"I'm Commander Shepard, and this is my favorite store on the Citadel."More properly called "Celebrity Spokesman", as an endorsement requires the celebrity testify to his own use of the product, and this isn't always part of a celebrity's role in the commercial. The use of celebrities in product advertising seems to appear more in TV than in older media, such as radio, print and even cinema. Actors, athletes, musicians and other notables have lent their talents to TV commercials. Some, like Paul Newman, have gone so far as to create the products they sell. Due perhaps to its prevalence, in some jurisdictions it is required to indicate in a caption or subtitle if the celebrity endorser was compensated for the endorsement. That is to say, if you paid the celebrity to endorse your product, you had to mention that on the screen somewhere. Although most common on TV, a common literary equivalent is to see a brief quotation from one author enthusiastically endorsing the work of another one on the cover or in the opening pages of their latest work. Given that the usual dynamic is a very well-known author endorsing a lesser-known one ("John Anonymous is this generation's Master of the Macabre!" ~ Stephen King), whether the well-known author has even read the book in question is, of course, uncertain. Interestingly, the idea of celebrity endorsements dates back at least to Ancient Rome. Popular gladiators would regularly be paid to endorse various products and services. (In fact, Ridley Scott planned to have a scene in his film Gladiator where some of the arena fighters endorsed products, but changed his mind when he realized that the public wouldn't buy it as real.) I'm Not a Doctor, but I Play One on TV is a subset of this. See Character Celebrity Endorsement for endorsements from celebrities that are not, in fact, real. See also Advertising Campaigns, and Character Celebrity Endorsement when the product is promoted by fictional beings, who are celebrities nonetheless. Some celebrities willing to do endorsements but afraid of being seen as sellouts indulge in Japandering by appearing in foreign ads that are not meant to be seen by their home fanbase.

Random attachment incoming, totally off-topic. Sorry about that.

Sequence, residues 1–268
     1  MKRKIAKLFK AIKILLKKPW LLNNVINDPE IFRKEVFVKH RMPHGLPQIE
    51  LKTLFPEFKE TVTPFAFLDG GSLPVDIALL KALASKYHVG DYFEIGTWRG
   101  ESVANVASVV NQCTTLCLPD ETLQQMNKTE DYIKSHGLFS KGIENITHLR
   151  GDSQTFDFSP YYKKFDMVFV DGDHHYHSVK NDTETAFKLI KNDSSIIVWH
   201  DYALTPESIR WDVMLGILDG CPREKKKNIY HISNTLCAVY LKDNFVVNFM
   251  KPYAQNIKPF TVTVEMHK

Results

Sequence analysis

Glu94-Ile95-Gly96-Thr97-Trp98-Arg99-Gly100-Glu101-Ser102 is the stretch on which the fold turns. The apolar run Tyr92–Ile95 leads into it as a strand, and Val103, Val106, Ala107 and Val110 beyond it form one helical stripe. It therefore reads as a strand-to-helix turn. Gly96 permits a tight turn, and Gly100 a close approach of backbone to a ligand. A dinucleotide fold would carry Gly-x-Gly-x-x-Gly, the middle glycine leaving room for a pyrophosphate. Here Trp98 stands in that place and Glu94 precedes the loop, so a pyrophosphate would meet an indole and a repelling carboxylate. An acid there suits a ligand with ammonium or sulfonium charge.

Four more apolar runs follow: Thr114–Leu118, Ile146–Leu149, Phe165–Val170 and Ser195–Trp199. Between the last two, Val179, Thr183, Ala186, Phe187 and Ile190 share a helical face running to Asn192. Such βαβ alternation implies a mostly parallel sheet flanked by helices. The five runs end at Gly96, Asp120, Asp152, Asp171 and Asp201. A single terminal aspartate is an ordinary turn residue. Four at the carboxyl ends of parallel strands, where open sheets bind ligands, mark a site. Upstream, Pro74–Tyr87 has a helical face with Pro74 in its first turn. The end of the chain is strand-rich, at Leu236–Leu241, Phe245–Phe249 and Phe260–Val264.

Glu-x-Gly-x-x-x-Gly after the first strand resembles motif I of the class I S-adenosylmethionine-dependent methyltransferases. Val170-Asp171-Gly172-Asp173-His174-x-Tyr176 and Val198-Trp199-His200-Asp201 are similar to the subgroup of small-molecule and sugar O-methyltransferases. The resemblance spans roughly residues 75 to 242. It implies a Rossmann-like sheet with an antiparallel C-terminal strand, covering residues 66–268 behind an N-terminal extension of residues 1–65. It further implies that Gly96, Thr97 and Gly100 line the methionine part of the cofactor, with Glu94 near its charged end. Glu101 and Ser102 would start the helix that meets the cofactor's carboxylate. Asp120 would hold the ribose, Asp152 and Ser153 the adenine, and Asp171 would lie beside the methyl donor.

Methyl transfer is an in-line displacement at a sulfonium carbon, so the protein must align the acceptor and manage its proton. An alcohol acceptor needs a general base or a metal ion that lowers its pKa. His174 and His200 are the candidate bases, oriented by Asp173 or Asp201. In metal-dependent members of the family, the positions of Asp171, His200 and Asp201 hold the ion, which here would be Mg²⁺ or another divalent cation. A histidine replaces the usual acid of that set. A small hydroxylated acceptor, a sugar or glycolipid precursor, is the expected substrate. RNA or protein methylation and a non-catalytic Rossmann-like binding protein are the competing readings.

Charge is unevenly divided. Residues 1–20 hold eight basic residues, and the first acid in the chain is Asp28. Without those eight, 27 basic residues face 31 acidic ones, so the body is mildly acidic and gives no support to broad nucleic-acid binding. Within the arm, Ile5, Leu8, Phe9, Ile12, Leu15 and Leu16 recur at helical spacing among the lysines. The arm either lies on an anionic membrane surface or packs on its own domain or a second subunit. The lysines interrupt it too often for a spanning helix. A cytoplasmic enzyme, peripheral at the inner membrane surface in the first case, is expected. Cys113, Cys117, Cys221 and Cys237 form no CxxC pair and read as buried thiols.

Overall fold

— Commander Shepard, Mass Effect 2